White House threatens to veto resolution to block Trump emergency declaration

Stefani Reynolds

The White House on Tuesday formally threatened to veto a resolution making its way through Congress that would terminate President Trump’s emergency declaration to secure funding for a wall along the southern border.

The administration said in a statement that it “strongly opposes” the resolution of disapproval and argued that Trump is justified and authorized in declaring an emergency at the border.

“The problem of large-scale unlawful migration through the Southern Border is enduring, and, despite the Administration’s use of existing statutory authorities, in recent years the situation has worsened in certain respects,” it said.

{mosads}The resolution of disapproval, the administration added, would undermine its “ability to respond effectively to the ongoing crisis at the Southern Border.”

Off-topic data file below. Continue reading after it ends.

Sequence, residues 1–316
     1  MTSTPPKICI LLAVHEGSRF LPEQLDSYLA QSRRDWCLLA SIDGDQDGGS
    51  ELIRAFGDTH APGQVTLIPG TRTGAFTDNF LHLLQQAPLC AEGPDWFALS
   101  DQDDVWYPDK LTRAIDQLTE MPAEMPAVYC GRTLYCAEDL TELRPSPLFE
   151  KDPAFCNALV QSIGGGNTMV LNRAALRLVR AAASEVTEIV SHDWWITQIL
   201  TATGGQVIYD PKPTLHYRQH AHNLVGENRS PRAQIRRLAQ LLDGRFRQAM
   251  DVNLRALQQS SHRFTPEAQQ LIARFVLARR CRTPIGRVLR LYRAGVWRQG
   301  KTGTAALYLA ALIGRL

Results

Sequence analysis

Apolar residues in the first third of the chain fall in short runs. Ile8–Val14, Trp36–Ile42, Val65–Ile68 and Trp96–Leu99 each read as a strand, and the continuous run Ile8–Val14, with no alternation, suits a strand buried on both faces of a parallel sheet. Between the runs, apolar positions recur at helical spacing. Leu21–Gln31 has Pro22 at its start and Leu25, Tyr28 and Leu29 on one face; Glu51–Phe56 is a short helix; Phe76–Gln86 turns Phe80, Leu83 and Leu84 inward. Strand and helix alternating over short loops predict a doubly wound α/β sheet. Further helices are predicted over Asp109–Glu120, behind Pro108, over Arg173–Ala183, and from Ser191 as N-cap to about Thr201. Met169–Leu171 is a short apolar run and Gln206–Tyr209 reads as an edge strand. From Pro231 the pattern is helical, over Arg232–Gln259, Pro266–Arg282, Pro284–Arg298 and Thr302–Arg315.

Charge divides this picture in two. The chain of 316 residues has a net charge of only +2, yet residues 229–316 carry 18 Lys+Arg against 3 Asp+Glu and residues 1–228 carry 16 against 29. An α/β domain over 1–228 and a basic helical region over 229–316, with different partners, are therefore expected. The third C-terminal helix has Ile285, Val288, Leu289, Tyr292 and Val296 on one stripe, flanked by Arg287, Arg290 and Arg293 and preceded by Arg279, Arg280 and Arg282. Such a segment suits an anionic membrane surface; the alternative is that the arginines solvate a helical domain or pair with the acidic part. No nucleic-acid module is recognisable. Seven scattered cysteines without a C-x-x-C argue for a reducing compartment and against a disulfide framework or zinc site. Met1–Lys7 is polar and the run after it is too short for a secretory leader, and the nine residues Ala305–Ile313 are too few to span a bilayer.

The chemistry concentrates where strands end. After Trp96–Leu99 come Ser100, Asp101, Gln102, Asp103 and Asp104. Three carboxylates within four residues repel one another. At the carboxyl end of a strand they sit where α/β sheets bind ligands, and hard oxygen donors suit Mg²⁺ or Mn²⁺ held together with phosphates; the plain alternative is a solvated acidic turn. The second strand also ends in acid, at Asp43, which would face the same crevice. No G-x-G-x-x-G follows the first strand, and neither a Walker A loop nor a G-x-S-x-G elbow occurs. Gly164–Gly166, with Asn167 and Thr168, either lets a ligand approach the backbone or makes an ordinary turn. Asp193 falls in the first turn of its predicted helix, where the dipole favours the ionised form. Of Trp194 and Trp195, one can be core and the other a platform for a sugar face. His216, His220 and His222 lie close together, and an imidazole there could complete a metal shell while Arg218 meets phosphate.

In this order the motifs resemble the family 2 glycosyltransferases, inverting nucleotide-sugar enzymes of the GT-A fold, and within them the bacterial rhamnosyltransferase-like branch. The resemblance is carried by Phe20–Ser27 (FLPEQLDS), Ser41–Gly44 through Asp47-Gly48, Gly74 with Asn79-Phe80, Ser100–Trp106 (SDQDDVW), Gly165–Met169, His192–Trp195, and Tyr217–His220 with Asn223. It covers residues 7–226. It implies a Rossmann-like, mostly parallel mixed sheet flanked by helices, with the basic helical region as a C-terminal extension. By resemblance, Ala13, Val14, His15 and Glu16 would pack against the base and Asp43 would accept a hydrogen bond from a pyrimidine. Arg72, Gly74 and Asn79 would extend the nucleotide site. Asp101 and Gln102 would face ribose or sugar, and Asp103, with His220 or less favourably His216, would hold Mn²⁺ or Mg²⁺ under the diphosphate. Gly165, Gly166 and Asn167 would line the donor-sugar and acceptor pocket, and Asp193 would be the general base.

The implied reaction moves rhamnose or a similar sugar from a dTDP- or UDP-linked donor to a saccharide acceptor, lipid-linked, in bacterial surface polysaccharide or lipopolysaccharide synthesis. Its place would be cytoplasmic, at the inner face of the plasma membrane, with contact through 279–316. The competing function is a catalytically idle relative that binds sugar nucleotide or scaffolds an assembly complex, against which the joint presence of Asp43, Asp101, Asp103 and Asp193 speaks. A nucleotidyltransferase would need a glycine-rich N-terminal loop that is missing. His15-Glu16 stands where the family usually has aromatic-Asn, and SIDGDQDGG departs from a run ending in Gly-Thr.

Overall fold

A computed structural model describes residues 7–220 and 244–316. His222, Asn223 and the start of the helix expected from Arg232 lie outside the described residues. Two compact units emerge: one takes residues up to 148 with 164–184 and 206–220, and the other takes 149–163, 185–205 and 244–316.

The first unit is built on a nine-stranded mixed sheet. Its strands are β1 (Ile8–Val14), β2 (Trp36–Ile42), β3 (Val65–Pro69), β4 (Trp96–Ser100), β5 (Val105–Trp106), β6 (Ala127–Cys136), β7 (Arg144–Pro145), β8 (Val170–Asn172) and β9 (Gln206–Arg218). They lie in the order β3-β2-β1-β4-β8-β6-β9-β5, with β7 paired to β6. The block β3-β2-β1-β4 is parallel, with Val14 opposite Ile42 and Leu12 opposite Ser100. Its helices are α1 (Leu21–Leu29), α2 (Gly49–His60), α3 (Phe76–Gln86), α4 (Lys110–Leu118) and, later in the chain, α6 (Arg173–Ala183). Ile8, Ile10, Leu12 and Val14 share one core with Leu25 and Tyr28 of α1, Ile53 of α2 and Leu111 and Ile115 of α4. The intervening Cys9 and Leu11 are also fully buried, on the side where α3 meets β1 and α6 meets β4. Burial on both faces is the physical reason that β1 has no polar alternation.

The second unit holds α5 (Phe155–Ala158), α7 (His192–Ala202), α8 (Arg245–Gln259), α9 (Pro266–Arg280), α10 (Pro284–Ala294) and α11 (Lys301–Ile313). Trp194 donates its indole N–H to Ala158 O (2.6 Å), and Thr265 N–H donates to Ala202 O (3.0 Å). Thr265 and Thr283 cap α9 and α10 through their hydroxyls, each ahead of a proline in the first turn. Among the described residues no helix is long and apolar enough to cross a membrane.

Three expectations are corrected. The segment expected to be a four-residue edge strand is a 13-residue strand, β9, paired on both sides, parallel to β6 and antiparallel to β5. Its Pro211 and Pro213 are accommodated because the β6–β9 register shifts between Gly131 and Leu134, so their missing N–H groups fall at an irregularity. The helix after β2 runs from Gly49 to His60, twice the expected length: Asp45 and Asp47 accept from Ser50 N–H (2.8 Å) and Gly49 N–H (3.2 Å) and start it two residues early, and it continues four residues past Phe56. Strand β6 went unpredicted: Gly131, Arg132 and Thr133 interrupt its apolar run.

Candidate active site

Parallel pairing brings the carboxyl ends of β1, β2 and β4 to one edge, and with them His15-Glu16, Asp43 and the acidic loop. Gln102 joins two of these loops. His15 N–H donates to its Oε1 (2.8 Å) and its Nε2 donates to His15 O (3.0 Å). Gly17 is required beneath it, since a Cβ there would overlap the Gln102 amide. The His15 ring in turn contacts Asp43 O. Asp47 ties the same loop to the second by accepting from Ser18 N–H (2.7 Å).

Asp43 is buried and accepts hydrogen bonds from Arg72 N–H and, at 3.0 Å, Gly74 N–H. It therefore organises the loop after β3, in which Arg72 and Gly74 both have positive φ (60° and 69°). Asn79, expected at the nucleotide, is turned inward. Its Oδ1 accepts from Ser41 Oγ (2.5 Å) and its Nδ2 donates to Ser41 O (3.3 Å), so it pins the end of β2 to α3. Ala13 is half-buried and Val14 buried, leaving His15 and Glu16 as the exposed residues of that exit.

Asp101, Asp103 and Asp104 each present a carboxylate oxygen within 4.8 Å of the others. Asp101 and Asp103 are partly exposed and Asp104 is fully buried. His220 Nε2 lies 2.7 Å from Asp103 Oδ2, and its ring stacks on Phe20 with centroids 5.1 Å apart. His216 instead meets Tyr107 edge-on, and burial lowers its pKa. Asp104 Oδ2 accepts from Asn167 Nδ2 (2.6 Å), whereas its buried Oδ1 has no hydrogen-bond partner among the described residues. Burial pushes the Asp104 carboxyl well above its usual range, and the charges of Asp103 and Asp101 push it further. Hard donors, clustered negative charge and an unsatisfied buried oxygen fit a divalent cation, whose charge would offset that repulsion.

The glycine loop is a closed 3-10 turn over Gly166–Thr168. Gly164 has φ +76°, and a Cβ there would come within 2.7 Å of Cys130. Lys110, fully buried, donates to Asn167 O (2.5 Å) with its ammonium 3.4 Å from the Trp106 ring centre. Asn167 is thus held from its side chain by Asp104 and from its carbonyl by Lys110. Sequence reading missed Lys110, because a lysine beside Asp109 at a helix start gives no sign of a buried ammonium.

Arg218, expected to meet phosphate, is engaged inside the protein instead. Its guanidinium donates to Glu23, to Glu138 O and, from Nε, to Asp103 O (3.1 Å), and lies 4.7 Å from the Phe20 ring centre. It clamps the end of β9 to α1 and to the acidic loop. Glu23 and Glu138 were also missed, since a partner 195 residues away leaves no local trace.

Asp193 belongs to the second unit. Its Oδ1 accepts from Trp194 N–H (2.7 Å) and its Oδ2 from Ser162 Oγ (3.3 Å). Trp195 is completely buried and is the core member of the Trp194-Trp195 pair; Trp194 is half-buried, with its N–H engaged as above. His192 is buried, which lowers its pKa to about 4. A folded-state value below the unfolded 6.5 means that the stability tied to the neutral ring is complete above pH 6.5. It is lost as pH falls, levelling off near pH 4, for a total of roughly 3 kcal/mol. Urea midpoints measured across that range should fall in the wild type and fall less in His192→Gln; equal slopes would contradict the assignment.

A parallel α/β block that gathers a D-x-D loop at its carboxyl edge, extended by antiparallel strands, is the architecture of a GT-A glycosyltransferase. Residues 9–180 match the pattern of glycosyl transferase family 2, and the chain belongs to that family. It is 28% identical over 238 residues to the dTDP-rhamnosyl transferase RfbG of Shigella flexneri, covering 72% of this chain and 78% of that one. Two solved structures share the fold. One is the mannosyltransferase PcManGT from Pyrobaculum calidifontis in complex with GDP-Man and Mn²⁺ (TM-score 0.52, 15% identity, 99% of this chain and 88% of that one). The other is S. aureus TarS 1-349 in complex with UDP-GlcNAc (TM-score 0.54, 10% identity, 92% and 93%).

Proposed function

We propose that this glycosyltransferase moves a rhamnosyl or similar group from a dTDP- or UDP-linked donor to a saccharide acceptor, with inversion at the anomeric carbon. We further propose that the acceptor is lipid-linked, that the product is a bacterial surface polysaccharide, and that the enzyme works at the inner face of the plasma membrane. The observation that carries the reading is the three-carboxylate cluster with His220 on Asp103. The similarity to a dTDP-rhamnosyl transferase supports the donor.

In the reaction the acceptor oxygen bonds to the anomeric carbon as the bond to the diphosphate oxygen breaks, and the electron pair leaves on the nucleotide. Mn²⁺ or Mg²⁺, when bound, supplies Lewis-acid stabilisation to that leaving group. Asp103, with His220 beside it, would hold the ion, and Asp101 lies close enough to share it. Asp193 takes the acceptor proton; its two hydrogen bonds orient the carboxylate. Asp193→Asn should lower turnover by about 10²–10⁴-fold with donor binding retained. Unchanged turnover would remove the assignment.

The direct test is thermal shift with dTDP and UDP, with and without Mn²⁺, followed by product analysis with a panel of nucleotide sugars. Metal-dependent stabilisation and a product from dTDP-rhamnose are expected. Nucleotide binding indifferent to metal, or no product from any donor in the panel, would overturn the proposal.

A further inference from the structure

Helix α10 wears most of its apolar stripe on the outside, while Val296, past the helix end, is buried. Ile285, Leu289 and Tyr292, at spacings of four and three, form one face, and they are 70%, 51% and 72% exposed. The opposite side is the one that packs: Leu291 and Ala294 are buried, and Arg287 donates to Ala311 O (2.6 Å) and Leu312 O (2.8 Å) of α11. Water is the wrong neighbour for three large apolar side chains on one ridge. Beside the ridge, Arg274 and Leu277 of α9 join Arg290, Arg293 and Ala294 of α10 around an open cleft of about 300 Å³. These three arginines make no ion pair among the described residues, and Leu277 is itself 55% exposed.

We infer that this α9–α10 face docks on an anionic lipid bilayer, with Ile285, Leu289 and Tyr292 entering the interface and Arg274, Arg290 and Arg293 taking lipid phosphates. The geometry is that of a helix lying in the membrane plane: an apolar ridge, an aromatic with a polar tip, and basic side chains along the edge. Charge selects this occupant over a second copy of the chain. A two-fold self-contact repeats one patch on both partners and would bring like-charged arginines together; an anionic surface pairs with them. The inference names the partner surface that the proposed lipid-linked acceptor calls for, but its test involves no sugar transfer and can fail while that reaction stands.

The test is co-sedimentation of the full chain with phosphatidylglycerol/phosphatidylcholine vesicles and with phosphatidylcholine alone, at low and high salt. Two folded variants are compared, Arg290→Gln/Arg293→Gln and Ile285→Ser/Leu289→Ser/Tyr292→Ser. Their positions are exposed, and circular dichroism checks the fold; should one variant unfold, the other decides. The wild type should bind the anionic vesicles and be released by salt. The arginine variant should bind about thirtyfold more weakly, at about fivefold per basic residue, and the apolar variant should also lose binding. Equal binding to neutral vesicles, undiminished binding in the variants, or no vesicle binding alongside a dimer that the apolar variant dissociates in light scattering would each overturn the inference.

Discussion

The House is expected  to pass the resolution with overwhelming Democratic support late Tuesday. A few Republicans have said they will also vote to terminate Trump’s emergency declaration, citing concerns it oversteps on executive authority.

The resolution will then move to the Senate, where three Republicans have already said they plan to vote for it and a handful of others are undecided.

Democrats have largely expressed confidence the measure will pass through Congress, but are less certain they will have the two-thirds majority in each chamber to override a presidential veto.

White House senior adviser Stephen Miller indicated earlier this month that Trump would likely veto the resolution if it made it to his desk.

It would be the first veto of Trump’s presidency.

The president earlier this month declared a national emergency to spend roughly $8 billion on barriers along the southern border after Congress approved legislation that dedicated $1.375 billion to the project.

The president’s declaration highlighted $3.6 billion in military construction funding toward the border wall. Those funds would be paired with separate executive actions repurposing about $2.5 billion from the Defense Department’s drug-interdiction program and $600 million from the Treasury Department’s asset-forfeiture fund.

If Congress does not block Trump’s declaration, the measure would still face legal challenges. A number of groups and states have already filed lawsuits challenging the legality of the president’s declaration.

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